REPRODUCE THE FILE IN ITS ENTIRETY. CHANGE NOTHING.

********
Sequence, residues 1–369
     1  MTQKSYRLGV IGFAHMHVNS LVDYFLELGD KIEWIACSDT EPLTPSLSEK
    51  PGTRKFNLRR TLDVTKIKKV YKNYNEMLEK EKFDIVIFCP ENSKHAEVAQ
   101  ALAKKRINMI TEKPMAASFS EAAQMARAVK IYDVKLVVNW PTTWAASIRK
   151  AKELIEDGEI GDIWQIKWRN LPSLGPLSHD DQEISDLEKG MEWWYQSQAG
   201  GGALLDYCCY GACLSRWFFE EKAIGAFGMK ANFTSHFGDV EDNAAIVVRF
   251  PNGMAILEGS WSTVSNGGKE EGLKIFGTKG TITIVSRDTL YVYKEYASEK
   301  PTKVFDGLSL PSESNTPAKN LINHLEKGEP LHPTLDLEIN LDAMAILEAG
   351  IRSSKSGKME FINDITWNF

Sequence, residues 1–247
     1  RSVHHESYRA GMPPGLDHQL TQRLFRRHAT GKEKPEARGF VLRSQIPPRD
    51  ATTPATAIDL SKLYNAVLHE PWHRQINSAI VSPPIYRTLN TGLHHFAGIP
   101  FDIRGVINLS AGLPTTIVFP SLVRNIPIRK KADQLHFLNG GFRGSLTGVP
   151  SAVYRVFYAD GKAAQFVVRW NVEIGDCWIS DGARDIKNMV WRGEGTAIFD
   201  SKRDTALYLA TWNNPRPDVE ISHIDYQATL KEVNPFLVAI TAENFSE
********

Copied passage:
Sequence, residues 1–369
     1  MTQKSYRLGV IGFAHMHVNS LVDYFLELGD KIEWIACSDT EPLTPSLSEK
    51  PGTRKFNLRR TLDVTKIKKV YKNYNEMLEK EKFDIVIFCP ENSKHAEVAQ
   101  ALAKKRINMI TEKPMAASFS EAAQMARAVK IYDVKLVVNW PTTWAASIRK
   151  AKELIEDGEI GDIWQIKWRN LPSLGPLSHD DQEISDLEKG MEWWYQSQAG
   201  GGALLDYCCY GACLSRWFFE EKAIGAFGMK ANFTSHFGDV EDNAAIVVRF
   251  PNGMAILEGS WSTVSNGGKE EGLKIFGTKG TITIVSRDTL YVYKEYASEK
   301  PTKVFDGLSL PSESNTPAKN LINHLEKGEP LHPTLDLEIN LDAMAILEAG
   351  IRSSKSGKME FINDITWNF

Sequence, residues 1–247
     1  RSVHHESYRA GMPPGLDHQL TQRLFRRHAT GKEKPEARGF VLRSQIPPRD
    51  ATTPATAIDL SKLYNAVLHE PWHRQINSAI VSPPIYRTLN TGLHHFAGIP
   101  FDIRGVINLS AGLPTTIVFP SLVRNIPIRK KADQLHFLNG GFRGSLTGVP
   151  SAVYRVFYAD GKAAQFVVRW NVEIGDCWIS DGARDIKNMV WRGEGTAIFD
   201  SKRDTALYLA TWNNPRPDVE ISHIDYQATL KEVNPFLVAI TAENFSE